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Nutritional Benefits of Taro

author image Jill Corleone, RDN, LD
Jill Corleone is a registered dietitian and health coach who has been writing and lecturing on diet and health for more than 15 years. Her work has been featured on the Huffington Post, Diabetes Self-Management and in the book "Noninvasive Mechanical Ventilation," edited by John R. Bach, M.D. Corleone holds a Bachelor of Science in nutrition.
Nutritional Benefits of Taro
Taro roots for sale at a market. Photo Credit: chamski/iStock/Getty Images

Taro has been a staple of the Polynesian diet for over one thousand years. The heart-shaped leaves, called lu'au, were the inspiration for the Hawaiian celebration of the same name. You cannot eat taro in raw form because its high calcium oxalate content makes it toxic. As a starchy vegetable, cooked taro is often used as a substitute for the potato. Like other tubers, it is not only high in potassium and fiber, but also contains a significant amount of vitamin E, making the taro a healthy food to add to your diet.

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High In Fiber

Fiber is an essential nutrient that offers a number of health benefits including reducing your risk of cardiovascular disease, helping you manage your weight and improving bowel movements. Most Americans consume about 15 g of fiber a day, according to the American Dietetic Association, but need 25 to 30 g a day. A 1-cup serving of cooked taro contains 6.7 g of fiber, meeting approximately 25 percent of your daily fiber needs.

High in Vitamin E

Cooked taro is also high in vitamin E with 3.87 mg in a 1-cup serving. Vitamin E is a fat-soluble vitamin best known for its antioxidant activity, protecting cells from oxidation by free radicals. Including foods rich in antioxidants may offer protection against heart disease and certain types of cancer. Adults need 15 mg of vitamin E a day. A 1-cup serving of cooked taro meets 25 percent of your daily vitamin E needs.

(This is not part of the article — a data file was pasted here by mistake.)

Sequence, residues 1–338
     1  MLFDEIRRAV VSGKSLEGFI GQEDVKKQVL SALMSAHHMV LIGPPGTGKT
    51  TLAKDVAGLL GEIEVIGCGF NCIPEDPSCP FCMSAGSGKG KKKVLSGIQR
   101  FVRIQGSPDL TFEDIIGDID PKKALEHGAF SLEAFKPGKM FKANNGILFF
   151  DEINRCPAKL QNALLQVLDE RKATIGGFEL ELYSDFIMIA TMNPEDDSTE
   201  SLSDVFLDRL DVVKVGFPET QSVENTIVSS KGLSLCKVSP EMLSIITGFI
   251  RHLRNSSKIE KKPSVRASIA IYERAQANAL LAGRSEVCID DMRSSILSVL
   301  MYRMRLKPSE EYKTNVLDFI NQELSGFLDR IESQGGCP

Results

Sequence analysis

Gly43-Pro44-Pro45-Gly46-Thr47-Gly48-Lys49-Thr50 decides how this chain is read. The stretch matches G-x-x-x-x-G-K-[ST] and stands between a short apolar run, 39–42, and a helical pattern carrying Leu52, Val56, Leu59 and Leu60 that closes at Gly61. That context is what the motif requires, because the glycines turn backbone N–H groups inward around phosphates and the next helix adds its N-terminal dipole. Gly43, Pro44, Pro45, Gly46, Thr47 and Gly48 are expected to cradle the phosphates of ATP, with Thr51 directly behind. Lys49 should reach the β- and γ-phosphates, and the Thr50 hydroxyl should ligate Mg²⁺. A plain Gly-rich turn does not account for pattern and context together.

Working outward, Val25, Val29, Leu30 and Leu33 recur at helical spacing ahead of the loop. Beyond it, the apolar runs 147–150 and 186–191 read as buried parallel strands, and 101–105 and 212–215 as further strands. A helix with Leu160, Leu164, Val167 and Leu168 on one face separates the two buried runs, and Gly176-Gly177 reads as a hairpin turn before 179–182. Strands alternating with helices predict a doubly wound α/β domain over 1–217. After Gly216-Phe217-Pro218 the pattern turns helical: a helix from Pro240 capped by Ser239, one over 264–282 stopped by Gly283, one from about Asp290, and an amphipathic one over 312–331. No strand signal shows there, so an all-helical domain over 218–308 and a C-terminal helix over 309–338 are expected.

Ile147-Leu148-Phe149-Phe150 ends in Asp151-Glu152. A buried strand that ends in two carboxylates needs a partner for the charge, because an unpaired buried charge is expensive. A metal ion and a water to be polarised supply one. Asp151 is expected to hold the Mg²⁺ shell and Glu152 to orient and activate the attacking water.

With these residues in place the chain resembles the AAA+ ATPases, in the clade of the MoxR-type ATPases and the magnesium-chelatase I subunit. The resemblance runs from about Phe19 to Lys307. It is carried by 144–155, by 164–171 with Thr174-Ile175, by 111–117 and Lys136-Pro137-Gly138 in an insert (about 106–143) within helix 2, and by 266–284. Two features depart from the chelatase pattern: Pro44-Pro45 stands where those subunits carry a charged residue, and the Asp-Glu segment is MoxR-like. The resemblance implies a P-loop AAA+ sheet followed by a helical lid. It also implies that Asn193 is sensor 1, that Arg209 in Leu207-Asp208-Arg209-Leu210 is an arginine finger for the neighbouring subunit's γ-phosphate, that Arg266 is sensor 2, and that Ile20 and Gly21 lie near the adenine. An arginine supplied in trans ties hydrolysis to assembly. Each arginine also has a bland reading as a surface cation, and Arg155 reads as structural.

A 1-cup serving of cooked taro contains 639 mg of potassium. When included as part of a healthy diet, foods high in potassium can help control blood pressure. A healthy diet should include 4,700 mg of potassium a day, according to the American Heart Association. One serving of cooked taro meets 13 percent of your daily potassium needs. You should talk to your doctor before increasing the potassium in your diet. As you get older, the kidneys cannot remove potassium from your blood as efficiently as when you were younger. High levels of blood potassium can be dangerous.

Good Source of Magnesium

Including taro in your diet can help you meet your magnesium needs. A 1-cup serving of cooked taro contains 40 mg of magnesium. Magnesium is needed for bone health, muscle and nerve function and immune health. It also helps keep your blood pressure normal and regulates your blood sugar. Adult men need 400 to 420 mg of magnesium a day, and adult women need 310 to 320 mg a day. One serving of taro meets 10 percent of the daily value for magnesium.

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